I'm having trouble understanding exactly what you are asking but I'll take a whack...
As you point out, the private/public key pair that is associated with the server can be used for encrypting data sent to the server because only the server has the private key to decrypt. But there is no secure way for the server to send data to the client. All the client has is the server's public key which, as its name suggests, is public. So encrypting data with the private key and sending to a client is readable by everyone. So, without a symmetric key, there's no way to encrypt data being sent to the client.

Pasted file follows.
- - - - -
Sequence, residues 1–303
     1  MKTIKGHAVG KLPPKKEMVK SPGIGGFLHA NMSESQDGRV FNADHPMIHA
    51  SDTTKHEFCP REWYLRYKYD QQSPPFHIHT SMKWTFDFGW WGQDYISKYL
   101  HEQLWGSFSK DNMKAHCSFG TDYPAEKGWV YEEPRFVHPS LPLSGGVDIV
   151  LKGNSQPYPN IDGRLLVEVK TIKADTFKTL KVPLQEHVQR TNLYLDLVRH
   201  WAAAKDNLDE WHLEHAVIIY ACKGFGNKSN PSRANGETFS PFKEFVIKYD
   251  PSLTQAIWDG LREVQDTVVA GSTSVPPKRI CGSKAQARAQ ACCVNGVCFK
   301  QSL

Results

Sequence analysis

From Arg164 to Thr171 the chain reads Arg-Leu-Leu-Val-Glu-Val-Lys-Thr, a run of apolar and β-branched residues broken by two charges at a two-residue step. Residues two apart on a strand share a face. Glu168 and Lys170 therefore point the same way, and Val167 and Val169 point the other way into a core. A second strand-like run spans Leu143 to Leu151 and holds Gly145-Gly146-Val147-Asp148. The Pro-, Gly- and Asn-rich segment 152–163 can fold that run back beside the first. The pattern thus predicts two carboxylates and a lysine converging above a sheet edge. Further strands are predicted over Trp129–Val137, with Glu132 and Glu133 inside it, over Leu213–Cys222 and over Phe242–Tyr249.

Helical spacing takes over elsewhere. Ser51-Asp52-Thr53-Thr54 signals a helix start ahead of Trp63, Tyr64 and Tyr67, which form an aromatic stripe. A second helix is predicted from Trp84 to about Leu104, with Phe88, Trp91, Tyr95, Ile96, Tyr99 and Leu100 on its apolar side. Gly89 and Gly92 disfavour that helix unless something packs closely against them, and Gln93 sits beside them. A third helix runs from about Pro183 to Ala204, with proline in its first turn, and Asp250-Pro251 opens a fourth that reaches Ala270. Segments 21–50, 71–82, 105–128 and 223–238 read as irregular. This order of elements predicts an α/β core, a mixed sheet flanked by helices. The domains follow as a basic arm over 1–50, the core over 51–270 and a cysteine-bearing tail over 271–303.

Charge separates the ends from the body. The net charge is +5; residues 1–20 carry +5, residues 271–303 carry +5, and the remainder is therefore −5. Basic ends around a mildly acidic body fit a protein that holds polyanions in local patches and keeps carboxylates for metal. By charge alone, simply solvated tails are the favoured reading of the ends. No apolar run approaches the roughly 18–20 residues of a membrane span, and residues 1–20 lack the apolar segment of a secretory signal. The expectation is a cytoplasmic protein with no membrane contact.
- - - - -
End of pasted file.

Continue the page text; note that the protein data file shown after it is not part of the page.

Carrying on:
Note that a different encryption model than SSL could have the client generating a public/private key pair for every SSL handshake. The server would then use the client's public key to encrypt data sent to it. The reason this isn't done is, as you stated, asymmetric encryption is slow (and less robust in other ways) so this is a bad choice.
Also, because a unique key is used for the transfer of data, you can establish forward secrecy. Forward secrecy assures that even if the private key gets discovered at a future date, it is still impossible to decrypt a recording of the communication.